Brexit: British man ‘marries’ his girlfriend to get Spanish residency

Image of Mark and Alex.

Image of Mark and Alex. Credit:

A British man found himself in a complicated situation when he wanted to live in Spain with his girlfriend and realised that it was not that easy.

However, the first-hand knowledge gained by 34-year-old Mark Rofe as he navigated the post-Brexit immigration minefield ultimately led to his setting up a website that now helps other Brits who want to move abroad.

‘I don’t think a lot of people realise just how difficult it is since Brexit to move and live in another EU country. The 90 in 180 day rule means that non-EU nationals, which obviously includes Brits, can only stay in the Schengen Area for a maximum of 90 days within any 180-day period’, said Mark, who is originally from Surrey.

His 34-year-old Polish girlfriend Alex Limanowka was living in the Catalan city of Barcelona, but as he explained: ‘This essentially meant that I could only see Alex for half the year, and who wants to only see their partner for half the year? So we knew we had to come up with a solution’.

Anybody found guilty of overstaying the 90-day limit can find themselves banned from all Schengen Area countries for up to three years. They could also be fined.

How did Mark solve his problem?

Continuing his story, Mark said: ‘As a temporary solution, I did some research and found out that Andorra, which was just a three-hour bus journey from Barcelona, was not in the EU. So, I would head there whenever I was close to using up my allowable days in the EU, and this meant I was still close enough for Alex to come visit me’.

‘Looking at long term solutions, I considered a few options to obtain a visa, I looked at becoming a student, I looked at Spain’s Golden Visa, which would grant me residency if I purchased a property for €500,000 or more without a mortgage, I even looked at a type of retirement visa, but this meant I wouldn’t be able to work’, he detailed.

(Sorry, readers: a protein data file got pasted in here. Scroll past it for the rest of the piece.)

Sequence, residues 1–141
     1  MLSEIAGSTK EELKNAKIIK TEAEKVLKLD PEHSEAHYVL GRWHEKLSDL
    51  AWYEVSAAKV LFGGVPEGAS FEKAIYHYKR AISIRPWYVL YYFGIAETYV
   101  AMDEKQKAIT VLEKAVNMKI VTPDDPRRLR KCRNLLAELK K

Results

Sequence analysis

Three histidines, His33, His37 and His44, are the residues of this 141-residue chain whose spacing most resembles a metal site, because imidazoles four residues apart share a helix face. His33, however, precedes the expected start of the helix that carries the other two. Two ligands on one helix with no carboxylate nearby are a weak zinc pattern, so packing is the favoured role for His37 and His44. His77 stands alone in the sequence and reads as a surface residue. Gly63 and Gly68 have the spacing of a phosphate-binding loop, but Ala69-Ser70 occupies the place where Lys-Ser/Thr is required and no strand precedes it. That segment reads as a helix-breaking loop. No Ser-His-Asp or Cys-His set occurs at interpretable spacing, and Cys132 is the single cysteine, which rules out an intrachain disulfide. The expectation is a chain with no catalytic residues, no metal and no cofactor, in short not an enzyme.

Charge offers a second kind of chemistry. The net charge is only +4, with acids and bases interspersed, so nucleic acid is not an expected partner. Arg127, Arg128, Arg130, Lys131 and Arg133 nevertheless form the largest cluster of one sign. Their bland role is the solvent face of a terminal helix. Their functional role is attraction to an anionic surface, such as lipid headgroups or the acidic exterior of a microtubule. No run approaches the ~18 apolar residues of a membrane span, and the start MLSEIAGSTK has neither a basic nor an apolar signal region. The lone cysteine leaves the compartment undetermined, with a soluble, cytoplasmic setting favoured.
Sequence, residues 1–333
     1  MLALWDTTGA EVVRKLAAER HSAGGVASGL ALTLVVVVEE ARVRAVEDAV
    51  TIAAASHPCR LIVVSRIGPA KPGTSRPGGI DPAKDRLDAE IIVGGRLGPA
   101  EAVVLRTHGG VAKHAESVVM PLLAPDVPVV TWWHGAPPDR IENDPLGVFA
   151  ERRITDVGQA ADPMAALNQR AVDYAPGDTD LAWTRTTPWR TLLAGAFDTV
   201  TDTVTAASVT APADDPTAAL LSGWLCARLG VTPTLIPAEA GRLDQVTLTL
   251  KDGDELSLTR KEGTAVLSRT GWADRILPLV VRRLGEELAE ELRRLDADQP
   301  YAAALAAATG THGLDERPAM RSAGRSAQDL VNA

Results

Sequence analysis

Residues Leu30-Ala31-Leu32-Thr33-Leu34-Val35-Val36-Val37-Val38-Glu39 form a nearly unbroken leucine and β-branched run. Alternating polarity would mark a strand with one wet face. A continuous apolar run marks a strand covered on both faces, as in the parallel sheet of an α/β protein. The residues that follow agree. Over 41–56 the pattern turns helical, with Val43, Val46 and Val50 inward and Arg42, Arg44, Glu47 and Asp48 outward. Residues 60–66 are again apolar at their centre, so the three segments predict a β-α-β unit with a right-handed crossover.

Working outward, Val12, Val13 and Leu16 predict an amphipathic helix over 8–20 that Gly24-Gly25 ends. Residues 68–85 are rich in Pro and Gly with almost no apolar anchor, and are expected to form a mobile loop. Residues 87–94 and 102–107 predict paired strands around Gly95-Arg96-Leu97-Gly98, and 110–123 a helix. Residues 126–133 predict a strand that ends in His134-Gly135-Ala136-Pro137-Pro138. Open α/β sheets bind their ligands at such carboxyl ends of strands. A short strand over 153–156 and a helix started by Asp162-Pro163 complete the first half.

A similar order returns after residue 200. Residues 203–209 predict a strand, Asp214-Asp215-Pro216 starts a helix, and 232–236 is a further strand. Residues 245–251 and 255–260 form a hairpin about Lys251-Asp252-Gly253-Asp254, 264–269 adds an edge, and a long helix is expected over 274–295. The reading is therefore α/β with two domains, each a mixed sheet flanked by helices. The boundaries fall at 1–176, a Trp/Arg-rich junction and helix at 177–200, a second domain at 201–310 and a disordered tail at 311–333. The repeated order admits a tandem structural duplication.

Mark added: ‘None of these were suitable, it was impossible, so we ended up doing the ‘pareja de hecho’, a type of civil partnership, which is similar to a marriage, just without the formal ceremony. It wasn’t exactly something quick or cheap to do either, it cost thousands in legal fees and it took more than six months for me to get my residency’.

His relationship therapist partner took over: ‘For a while, things were uncertain, which put a strain on our relationship. Thankfully for us though, we managed to find a way to make it work’.

‘Putting our situation aside, it does make me think how many other hundreds or thousands of other couples may have found themselves in a similar situation because of Brexit. It seems a bit sad that for Brits, even love has more boundaries than it did before’, she lamented.

How can you apply for a digital nomad visa?

Earlier this year, Spain introduced the digital nomad visa, which offers an opportunity for those who are able to work remotely, to live and work in Spain.

With that in mind, Mark launched which helps British nationals to obtain this visa, and move to Spain.

‘Having been through the visa process myself, I have first hand experience of just how complicated and expensive it can be. I’ve created because I wanted to make it easier, more accessible, and affordable for Brits to come and work and live in Spain’, he explained.

‘It can get a little bit complicated depending on your personal employment situation, but essentially if you earn over £27,000 a year and are able to work remotely, there’s a good chance you’ll be able to apply for Spain’s nomad visa’, Mark pointed out.

He concluded: ‘It’s still nowhere near as easy as it would have been before Brexit, but it’s at least an option for those who may fit the criteria’.

France could be set to relax the 90-day rule

A glimmer of hope is on the horizon for Brits who own second homes in France after a requested amendment to the 90-day rule was recently approved by the country’s senate.

Although it still has to go for a vote before France’s National Assembly later this year, it has at least started the ball rolling and could ultimately lead to other countries following suit should the law be changed.

Have any of our readers experienced similar problems when trying to move abroad? We would love to hear from you in the comments section, thank you.

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Written by

Chris King

Originally from Wales, Chris spent years on the Costa del Sol before moving to the Algarve where he is a web reporter for The Euro Weekly News covering international and Spanish national news. Got a news story you want to share? Then get in touch at


    • JC

      18 November 2023 • 09:24

      “the ‘pareja de hecho’, a type of civil partnership” – “it cost thousands in legal fees”

      Why not just get married? Surely, so much easier and quicker.

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